(OpEdNews) Will Women Have Short Memories About Hormone Replacement Therapy? Pharma Hopes So
It has been almost ten years since a federal study found that hormone replacement therapy (HRT) did not prevent heart disease and memory loss as advertised but increased the risk of heart attacks by 29 percent and doubled the risk of dementia. Oops.
That was not all the bad news that emerged about HRT. It also increased the risk of breast cancer by 26 percent, stroke by 41 percent, doubled the risk of blood clots and increased the risk of hearing loss, gall bladder disease, urinary incontinence, asthma, the need for joint replacement, melanoma, ovarian, endometrial and lung cancers and non-Hodgkin's lymphoma, according to medical journals.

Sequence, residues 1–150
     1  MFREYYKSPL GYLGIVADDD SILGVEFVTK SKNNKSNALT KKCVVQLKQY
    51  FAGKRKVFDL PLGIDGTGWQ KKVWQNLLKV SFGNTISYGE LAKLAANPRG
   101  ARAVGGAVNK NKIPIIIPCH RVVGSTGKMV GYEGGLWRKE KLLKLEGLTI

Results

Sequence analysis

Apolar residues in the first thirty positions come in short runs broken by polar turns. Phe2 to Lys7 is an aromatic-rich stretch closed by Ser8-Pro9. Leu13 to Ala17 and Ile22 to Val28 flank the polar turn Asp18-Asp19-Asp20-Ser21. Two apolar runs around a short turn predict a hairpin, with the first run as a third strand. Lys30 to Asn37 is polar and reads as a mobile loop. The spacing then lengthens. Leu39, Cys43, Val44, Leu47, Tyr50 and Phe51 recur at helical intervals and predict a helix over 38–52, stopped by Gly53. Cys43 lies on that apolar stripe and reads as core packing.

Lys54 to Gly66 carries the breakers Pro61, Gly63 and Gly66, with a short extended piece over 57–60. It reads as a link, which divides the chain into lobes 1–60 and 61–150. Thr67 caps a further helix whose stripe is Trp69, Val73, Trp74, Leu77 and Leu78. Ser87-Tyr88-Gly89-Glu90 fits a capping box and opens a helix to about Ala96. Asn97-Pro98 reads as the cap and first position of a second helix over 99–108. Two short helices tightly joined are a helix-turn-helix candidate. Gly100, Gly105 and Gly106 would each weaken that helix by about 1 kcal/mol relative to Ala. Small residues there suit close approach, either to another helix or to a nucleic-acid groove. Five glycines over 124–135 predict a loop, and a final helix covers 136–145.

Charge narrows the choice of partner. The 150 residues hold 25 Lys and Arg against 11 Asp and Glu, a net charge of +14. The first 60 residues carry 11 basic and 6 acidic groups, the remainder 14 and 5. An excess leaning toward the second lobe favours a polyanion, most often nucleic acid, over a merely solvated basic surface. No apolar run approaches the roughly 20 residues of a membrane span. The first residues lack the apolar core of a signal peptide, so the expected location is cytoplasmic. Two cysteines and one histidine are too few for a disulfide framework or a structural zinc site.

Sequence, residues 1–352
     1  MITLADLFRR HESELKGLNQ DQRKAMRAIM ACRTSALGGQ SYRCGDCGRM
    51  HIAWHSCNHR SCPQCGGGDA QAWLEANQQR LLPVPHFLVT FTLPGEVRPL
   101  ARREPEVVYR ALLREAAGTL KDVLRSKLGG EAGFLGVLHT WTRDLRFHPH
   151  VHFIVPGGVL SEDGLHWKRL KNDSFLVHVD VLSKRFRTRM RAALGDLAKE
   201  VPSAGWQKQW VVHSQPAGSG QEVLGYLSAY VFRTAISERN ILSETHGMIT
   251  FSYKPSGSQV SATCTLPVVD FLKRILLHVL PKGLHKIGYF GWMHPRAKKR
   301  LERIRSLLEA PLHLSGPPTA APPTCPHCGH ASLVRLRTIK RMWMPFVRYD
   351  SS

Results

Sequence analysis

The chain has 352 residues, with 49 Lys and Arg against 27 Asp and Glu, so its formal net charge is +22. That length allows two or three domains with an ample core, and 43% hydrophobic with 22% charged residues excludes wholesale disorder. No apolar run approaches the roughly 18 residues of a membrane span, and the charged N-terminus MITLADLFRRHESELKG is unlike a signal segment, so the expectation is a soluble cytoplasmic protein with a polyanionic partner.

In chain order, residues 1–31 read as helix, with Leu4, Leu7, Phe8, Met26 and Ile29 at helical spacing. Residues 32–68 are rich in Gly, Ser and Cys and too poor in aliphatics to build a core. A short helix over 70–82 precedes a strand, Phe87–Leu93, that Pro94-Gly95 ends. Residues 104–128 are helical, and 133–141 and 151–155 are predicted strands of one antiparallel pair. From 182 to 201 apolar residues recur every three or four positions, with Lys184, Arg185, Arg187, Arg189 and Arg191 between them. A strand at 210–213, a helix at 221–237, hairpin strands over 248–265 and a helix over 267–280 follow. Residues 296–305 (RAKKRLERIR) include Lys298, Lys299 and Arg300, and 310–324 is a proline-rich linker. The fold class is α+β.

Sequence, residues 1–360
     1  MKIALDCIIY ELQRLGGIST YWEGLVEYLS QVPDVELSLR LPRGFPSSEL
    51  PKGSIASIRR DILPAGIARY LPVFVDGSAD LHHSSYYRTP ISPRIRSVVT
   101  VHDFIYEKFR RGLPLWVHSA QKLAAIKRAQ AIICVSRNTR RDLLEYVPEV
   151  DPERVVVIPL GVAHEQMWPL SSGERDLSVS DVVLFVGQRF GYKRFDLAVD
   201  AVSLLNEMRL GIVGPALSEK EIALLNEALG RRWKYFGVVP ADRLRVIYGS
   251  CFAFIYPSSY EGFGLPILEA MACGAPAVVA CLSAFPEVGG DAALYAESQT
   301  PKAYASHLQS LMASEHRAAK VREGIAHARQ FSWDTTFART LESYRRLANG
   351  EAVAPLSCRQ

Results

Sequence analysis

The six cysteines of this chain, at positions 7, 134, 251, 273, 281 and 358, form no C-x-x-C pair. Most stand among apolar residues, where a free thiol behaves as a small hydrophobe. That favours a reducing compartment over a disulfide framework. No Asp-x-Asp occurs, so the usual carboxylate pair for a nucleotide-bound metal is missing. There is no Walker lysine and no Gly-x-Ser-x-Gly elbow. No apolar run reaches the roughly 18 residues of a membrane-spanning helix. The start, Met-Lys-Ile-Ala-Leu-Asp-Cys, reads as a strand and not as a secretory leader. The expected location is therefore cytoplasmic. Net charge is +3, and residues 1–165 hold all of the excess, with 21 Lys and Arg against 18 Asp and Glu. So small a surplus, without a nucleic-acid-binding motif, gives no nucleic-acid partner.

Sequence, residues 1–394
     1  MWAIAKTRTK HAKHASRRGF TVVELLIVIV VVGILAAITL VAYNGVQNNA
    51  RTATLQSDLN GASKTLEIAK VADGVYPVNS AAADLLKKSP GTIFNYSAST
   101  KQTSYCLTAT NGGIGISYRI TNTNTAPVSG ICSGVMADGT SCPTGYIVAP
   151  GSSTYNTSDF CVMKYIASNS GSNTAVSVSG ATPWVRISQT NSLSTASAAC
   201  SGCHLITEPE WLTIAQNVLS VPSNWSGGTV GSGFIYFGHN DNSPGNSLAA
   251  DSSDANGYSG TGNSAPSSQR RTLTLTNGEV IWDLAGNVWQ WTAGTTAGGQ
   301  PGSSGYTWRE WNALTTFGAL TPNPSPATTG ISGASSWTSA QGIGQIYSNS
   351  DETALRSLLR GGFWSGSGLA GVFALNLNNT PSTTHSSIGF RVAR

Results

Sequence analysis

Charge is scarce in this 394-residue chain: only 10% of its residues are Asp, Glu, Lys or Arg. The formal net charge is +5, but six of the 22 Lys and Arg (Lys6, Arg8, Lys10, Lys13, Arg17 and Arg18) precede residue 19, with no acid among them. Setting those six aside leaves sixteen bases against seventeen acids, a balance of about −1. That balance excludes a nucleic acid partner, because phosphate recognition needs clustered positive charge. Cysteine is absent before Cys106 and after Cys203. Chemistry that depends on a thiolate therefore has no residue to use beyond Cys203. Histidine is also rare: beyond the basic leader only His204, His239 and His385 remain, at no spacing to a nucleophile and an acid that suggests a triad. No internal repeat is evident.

Not exactly the fountain of youth it was billed as by hormone drug maker Wyeth (now Pfizer) in high-budget menopause awareness TV ads starring model Lauren Hutton.
In fact, HRT was such a scourge against women, in the first year that millions quit, 2003, the incidence of US breast cancer fell seven percent. It fell 15 percent among women whose tumors were fed by estrogen. Fourteen thousand women who were expected to get breast cancer didn't said news reports. And it wasn't just breast cancer women were spared: heart attack and ovarian cancer rates also fell when women quit HRT, said news reports.